8 Hidden Treasures in New York City’s Central Park
Central Park is a mainstay for both New Yorkers and visitors to the Big Apple alike, and many of its attractions, such as the 55-acre Great Lawn and the picturesque Jacqueline Kennedy Onassis Reservoir, are world-famous. But New York’s premier green space also contains a few lesser-known treasures, which are equally worth checking out. (Psst, here’s a hack to help navigate your way if you ever get lost!) So make your trip to Central Park extra-special by scoping out these eight must-see spots:
You won’t have to “imagine all the people” if you visit the iconic black and white Imagine Mosaic—designed by Italian craftsmen and gift from the city of Naples—at Central Park’s Strawberry Fields. A living memorial to singer, songwriter and peace activist John Lennon, Strawberry Fields was named after one of the Beatles’ best-known songs, “Strawberry Fields Forever,” where the attraction draws a constant stream of music lovers old and new. Dedicated in October 1985—the 45th anniversary of John’s birthday—Yoko Ono, John’s widow, worked with a landscape architect and the Central park Conservatory to create the two-and-a-half acre meditative spot.
First built in 1865, the Glen Span Arch, one of two rustic arches that form the boundaries of the ravine that leads to the North Woods, is one of Central Park’s stateliest and most tranquil attractions. Originally made of wooden trestles, rock pier supports and a wooden railing, the arch was reconstructed in the 1880s with rustic gneiss rock. The nearby man-made Pool Grotto adds nicely to the calming atmosphere, making this part of the park a perfect spot for nature walks, relaxation time and photo opportunities.
Nothing says New York like Central Park, but that doesn’t mean you won’t find some European influences within its borders. The six-acre Conservatory Garden, located in the northeast region of the park, is divided into three distinct styles: French, Italian and English. Elegant hedges, a 12-foot high jet fountain, flower displays and walkways abound, give visitors a welcome frisson of the Old World. The garden is also one of the park’s official “Quiet Zones,” making it a perfect place to relax with a book.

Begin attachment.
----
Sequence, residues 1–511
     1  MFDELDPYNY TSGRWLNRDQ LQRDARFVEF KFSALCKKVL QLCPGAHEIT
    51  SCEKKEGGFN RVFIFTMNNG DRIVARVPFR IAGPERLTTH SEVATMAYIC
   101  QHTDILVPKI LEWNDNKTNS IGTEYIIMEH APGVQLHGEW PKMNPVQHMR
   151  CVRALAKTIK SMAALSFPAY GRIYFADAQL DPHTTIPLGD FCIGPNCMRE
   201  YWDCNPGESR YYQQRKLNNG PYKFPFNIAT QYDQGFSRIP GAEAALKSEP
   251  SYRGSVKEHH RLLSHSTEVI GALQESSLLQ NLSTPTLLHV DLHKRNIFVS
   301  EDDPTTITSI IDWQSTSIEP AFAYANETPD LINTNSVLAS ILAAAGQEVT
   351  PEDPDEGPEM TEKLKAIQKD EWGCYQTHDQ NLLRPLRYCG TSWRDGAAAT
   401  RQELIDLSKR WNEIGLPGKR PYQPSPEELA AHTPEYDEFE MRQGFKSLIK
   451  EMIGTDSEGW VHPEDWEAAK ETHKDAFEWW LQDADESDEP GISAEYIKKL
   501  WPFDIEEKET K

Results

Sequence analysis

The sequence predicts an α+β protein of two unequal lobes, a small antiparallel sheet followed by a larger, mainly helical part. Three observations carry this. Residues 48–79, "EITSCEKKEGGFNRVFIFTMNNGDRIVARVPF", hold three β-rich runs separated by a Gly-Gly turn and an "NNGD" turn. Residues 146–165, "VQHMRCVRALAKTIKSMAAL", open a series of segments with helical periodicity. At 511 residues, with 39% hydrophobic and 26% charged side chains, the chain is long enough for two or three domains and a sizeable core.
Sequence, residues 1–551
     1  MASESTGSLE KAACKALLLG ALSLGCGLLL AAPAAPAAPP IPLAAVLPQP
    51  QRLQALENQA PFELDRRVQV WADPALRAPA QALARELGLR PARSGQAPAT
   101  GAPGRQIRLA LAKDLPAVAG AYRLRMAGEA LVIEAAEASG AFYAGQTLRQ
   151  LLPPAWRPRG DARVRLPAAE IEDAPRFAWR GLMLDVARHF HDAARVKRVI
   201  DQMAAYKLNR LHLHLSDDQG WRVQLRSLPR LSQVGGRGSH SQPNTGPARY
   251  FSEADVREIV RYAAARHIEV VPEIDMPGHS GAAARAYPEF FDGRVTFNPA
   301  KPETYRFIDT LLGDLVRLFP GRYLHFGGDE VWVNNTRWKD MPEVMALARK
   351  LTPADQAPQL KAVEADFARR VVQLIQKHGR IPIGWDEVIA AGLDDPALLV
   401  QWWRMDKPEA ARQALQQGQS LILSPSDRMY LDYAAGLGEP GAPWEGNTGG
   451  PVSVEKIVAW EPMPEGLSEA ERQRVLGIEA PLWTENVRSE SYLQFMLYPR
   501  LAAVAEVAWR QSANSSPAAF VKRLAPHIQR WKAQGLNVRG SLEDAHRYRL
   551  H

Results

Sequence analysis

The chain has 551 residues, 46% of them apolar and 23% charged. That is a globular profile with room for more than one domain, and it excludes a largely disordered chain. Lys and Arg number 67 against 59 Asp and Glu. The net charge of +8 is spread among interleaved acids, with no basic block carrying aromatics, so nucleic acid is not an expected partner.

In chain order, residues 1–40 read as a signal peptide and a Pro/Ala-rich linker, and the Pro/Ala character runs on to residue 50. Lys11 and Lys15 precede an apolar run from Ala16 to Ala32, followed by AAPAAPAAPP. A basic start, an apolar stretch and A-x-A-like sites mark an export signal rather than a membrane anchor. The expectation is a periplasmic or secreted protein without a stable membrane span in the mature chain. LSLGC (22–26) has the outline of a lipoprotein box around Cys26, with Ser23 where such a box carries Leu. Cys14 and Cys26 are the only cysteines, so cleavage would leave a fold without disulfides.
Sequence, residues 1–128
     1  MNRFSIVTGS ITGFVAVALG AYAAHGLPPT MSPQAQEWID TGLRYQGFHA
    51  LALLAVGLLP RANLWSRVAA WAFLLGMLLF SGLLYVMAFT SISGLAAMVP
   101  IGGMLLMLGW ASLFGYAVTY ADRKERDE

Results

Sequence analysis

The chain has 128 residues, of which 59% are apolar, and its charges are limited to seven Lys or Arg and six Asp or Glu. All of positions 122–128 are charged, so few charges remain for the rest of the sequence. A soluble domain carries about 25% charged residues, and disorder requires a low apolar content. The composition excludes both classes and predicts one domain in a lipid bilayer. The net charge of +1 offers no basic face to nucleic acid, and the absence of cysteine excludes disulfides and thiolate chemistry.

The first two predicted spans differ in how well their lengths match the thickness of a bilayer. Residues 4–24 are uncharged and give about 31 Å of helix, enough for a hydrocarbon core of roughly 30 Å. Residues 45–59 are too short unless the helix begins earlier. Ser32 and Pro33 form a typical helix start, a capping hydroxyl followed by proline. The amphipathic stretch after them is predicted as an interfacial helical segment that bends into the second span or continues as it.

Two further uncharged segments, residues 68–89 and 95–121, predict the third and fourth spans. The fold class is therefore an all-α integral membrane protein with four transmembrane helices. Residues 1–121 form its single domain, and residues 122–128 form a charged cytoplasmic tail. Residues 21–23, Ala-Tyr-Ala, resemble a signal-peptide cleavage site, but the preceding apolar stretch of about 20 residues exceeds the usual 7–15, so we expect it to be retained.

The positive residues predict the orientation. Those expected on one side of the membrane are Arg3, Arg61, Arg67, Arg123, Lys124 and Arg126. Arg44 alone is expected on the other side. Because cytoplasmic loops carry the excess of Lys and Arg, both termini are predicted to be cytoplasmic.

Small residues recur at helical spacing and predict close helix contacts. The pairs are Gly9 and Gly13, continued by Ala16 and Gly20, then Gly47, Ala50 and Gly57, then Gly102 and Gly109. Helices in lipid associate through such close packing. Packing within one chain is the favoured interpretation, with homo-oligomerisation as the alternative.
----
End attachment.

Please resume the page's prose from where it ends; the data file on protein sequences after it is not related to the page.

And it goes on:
Installed in 1959, this sculpture by the artist José de Creeft reimagines Lewis Carroll’s classic novel in bronze, maintaining all the quirkiness and whimsy of the original. Visit the sculpture any day and you’re likely to see children and families climbing up next to Alice, the Mad Hatter and other characters to take pictures. If you’re in need of a group shot (or even just a selfie) you can’t go wrong with a trip this magical and nostalgia-inducing work of art.
New Yorkers often like to brag that they have the best tap water in the country, but how many of them know that there’s a whole statue devoted to the city’s water in Central Park? At Bethesda Fountain visitors will find “The Angel of Waters,” a sculpture created by artist Emma Stebbins in the mid-1880s to celebrate the introduction of a freshwater system to New York (the angel carries a lily in her left hand to symbolize the water’s purity!). Referencing the Gospel of John—which describes an angel blessing the Pool of Bethesda and giving it healing powers—the Bethesda Fountain, along with the Bethesda Terrace nearby, has also been featured in an array of films, including One Fine Day and Enchanted.
New York doesn’t always seem like a great destination for nature-lovers, but The Ramble, often referred to as a 36-acre “wild garden,” offers abundant respite from the hustle and bustle of the city. Rife with walkways and a variety of plants, The Ramble offers many opportunities for exploration and relaxation. Owing to Central Park’s location on the Atlantic Flyway—a major avian migratory route birds follow in the spring and fall—the secluded area also makes for a perfect place for bird watching.
The Conservatory Water, which was originally built as a reflecting pool for a glass conservatory, is one of Central Park’s many aquatic attractions. But this one tends to be especially popular with little ones, owing to the fact that visitors can sail rented model boats across its smooth surface. The Conservatory Water also plays a starring role in E.B. White’s classic Stuart Little, adding to its family-friendly feel.
New York has always been a literary city, so it seems appropriate that its main park should have a four-acre garden dedicated to the English playwright and poet William Shakespeare. Created in 1913 by Dr. Edmond Bronk Southwick, who was the Parks Department entomologist and loyal reader of Shakespeare, the Shakespeare Garden includes a variety of plant life (like primrose, quince and lark’s heel!), walkways and bronze plaques bearing quotes by “the Bard” himself, making it a perfect place to take a romantic stroll or settle in with a good book.
All photos courtesy of Central Park Conservancy